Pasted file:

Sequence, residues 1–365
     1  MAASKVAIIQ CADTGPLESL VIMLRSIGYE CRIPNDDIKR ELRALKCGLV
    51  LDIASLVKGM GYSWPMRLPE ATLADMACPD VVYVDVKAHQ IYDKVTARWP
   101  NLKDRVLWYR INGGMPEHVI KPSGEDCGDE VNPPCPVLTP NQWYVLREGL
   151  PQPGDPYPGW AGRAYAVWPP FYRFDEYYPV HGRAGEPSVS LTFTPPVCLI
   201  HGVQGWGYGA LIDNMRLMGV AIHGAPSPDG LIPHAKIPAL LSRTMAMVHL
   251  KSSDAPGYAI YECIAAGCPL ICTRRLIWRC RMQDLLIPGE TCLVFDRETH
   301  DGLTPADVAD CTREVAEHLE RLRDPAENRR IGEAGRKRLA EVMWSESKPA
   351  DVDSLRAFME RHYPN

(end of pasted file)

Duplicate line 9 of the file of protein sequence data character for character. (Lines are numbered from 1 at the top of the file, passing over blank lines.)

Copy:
   351  DVDSLRAFME RHYPN